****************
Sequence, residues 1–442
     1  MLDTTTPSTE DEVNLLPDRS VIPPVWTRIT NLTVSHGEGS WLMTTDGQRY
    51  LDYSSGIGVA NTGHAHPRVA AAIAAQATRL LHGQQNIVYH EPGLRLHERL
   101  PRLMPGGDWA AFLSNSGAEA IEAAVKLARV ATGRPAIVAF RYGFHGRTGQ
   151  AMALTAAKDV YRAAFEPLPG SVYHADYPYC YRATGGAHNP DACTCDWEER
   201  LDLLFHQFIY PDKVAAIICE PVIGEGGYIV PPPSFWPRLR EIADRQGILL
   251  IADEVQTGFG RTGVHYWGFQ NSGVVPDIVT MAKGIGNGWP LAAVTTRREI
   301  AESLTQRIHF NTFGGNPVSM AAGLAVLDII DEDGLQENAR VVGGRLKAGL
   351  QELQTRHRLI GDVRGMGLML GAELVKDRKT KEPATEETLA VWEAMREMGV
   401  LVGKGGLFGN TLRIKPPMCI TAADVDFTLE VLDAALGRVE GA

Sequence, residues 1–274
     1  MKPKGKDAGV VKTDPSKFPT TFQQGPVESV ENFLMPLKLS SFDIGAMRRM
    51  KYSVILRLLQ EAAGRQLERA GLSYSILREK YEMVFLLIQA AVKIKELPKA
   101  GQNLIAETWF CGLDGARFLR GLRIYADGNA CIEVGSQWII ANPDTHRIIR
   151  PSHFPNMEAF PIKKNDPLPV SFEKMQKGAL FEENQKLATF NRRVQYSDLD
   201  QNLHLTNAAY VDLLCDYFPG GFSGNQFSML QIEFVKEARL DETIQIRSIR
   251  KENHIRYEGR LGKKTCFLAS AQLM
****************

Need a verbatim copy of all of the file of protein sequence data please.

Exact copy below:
Sequence, residues 1–442
     1  MLDTTTPSTE DEVNLLPDRS VIPPVWTRIT NLTVSHGEGS WLMTTDGQRY
    51  LDYSSGIGVA NTGHAHPRVA AAIAAQATRL LHGQQNIVYH EPGLRLHERL
   101  PRLMPGGDWA AFLSNSGAEA IEAAVKLARV ATGRPAIVAF RYGFHGRTGQ
   151  AMALTAAKDV YRAAFEPLPG SVYHADYPYC YRATGGAHNP DACTCDWEER
   201  LDLLFHQFIY PDKVAAIICE PVIGEGGYIV PPPSFWPRLR EIADRQGILL
   251  IADEVQTGFG RTGVHYWGFQ NSGVVPDIVT MAKGIGNGWP LAAVTTRREI
   301  AESLTQRIHF NTFGGNPVSM AAGLAVLDII DEDGLQENAR VVGGRLKAGL
   351  QELQTRHRLI GDVRGMGLML GAELVKDRKT KEPATEETLA VWEAMREMGV
   401  LVGKGGLFGN TLRIKPPMCI TAADVDFTLE VLDAALGRVE GA

Sequence, residues 1–274
     1  MKPKGKDAGV VKTDPSKFPT TFQQGPVESV ENFLMPLKLS SFDIGAMRRM
    51  KYSVILRLLQ EAAGRQLERA GLSYSILREK YEMVFLLIQA AVKIKELPKA
   101  GQNLIAETWF CGLDGARFLR GLRIYADGNA CIEVGSQWII ANPDTHRIIR
   151  PSHFPNMEAF PIKKNDPLPV SFEKMQKGAL FEENQKLATF NRRVQYSDLD
   201  QNLHLTNAAY VDLLCDYFPG GFSGNQFSML QIEFVKEARL DETIQIRSIR
   251  KENHIRYEGR LGKKTCFLAS AQLM